My Name was Supposed to be Elizabeth Ann

— Stories from the Roads (Not) Taken

For those of you unfamiliar with the challenge, NaNoWriMo stands for National Novel Writing Month. Beginning every November 1, writers of all ages and abilities set out to write a 50,000 word novel by midnight November 30. 

I planned to participate. I even signed up. I had a project and a schedule in place.

Then I changed my mind.


During spring quarantine, my concentration suffered. I read poems and short articles, but no books. I wrote emails and blog posts, but no fiction. Like Didi and Gogo, I spun in circles awaiting an intervention that never came.

Their quest is called Theater of the Absurd for a reason, and I’m its fan in neither literature nor life. 

What does that have to do with NaNo?


As I struggled to create my personal New Normal, I struggled to determine WHY writing non-fiction came so much easier than writing fiction. WHY I struggle with drafting and relish revising.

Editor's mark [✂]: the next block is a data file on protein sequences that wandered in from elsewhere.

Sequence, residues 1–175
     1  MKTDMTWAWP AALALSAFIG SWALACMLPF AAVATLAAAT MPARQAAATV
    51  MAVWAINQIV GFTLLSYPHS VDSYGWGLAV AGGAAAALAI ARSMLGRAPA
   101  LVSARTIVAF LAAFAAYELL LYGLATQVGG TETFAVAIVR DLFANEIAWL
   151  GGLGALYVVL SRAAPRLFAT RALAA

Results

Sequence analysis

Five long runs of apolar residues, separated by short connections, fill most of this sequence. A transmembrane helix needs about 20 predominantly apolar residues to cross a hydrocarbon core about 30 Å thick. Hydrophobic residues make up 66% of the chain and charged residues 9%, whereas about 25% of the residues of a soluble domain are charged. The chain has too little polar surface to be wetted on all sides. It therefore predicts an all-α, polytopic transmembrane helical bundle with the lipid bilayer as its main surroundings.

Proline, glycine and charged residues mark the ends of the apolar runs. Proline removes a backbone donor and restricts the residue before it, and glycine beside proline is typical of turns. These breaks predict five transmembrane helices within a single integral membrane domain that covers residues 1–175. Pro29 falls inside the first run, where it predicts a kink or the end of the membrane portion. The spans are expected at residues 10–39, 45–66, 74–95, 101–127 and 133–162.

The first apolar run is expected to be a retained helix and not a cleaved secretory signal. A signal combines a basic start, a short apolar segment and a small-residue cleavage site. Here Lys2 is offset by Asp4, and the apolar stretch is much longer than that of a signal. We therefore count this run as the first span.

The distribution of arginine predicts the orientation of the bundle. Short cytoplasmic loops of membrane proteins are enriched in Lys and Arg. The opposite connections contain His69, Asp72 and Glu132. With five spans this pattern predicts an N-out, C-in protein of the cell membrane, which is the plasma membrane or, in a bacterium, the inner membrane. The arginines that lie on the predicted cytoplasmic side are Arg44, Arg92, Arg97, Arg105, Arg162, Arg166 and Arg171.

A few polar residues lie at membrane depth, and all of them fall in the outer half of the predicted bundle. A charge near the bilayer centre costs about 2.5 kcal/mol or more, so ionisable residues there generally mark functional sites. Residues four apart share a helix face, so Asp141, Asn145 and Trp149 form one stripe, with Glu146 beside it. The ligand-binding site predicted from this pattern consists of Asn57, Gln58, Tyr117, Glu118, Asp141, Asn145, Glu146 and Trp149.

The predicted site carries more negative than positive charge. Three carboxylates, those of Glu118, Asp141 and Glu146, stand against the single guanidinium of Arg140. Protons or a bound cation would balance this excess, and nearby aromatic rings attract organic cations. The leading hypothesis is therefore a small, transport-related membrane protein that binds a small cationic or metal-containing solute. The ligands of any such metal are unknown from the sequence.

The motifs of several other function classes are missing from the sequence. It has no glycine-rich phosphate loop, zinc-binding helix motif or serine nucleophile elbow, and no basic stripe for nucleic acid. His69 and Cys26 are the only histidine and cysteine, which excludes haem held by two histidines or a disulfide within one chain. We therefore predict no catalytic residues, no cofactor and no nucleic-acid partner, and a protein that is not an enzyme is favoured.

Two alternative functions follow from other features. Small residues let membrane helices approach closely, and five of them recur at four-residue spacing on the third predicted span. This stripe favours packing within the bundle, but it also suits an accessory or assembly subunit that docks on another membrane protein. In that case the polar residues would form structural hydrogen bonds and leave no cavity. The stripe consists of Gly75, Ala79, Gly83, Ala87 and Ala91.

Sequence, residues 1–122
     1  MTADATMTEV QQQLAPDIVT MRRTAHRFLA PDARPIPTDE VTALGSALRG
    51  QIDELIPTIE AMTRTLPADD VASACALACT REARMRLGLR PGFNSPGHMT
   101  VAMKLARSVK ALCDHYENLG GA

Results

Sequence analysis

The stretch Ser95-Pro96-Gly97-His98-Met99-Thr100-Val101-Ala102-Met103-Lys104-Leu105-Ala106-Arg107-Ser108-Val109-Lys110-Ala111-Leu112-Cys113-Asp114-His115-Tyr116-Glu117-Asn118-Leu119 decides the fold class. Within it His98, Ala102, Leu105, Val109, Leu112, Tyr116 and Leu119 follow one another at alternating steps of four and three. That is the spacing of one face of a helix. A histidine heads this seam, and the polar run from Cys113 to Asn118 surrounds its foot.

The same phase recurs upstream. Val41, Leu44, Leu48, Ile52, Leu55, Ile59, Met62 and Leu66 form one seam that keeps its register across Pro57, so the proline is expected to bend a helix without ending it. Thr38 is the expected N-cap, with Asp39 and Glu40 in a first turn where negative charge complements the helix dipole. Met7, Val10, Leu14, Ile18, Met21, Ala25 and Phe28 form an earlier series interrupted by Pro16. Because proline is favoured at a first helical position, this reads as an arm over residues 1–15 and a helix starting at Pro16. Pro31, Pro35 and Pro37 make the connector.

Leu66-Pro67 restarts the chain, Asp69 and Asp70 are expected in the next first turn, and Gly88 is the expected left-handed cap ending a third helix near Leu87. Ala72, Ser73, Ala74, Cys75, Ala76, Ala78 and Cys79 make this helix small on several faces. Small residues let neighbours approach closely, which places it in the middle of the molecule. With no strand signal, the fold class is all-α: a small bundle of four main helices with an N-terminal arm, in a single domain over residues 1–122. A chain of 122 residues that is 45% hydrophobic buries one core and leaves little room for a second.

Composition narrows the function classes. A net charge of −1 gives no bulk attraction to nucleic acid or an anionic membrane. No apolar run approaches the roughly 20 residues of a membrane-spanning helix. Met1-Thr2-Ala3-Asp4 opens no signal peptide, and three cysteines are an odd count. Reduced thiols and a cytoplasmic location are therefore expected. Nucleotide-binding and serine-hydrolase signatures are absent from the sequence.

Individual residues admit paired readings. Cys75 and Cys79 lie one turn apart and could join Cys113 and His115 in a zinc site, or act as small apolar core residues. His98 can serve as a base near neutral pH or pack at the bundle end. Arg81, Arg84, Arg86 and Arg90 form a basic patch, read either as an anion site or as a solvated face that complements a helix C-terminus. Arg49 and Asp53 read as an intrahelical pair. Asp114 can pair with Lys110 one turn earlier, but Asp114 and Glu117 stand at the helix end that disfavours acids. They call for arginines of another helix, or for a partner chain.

Two reasons. First, I’ve spent much more time writing non-fiction than fiction. Second, writing non-fiction is a process of manipulating and polishing events that have already happened.

Eureka! That’s my fiction stumbling block. Not DRAFTING–

Figuring out the events that have already happened so I can then manipulate and polish them.

And for me, that takes time. Time and thinking, then writing. Then rewriting, then more time and thinking and rewriting, all the while remembering that, like building a house, building a story requires certain parts be fabricated and placed before others leave the factory. Every writing session, I always begin by rereading and (slightly) tweaking scenes drafted the day prior, even if it just means making marginal notes about necessary changes. I have to. I can’t move forward otherwise.

Which means the NaNo model doesn’t work for me.  Writing on such a stringent timeframe makes my brain cramp.

Uh unh.

It doesn’t mean I won’t be writing every day this month. I will be.

Nor does it mean I won’t start writing that novel. I already have a very ugly draft.

It means I needn’t feel guilty about not meeting the NaNo challenge. Every writer needs to recognize and celebrate her own process, and stepping away from NaNo means stepping toward a writing month that works for me.

And I’m more than okay with that.


What have you learned about your writing during quarantine? I’d love to hear it! Share your comments below.

Leave a Reply

Fill in your details below or click an icon to log in: Logo

You are commenting using your account. Log Out /  Change )

Facebook photo

You are commenting using your Facebook account. Log Out /  Change )

Connecting to %s

%d bloggers like this: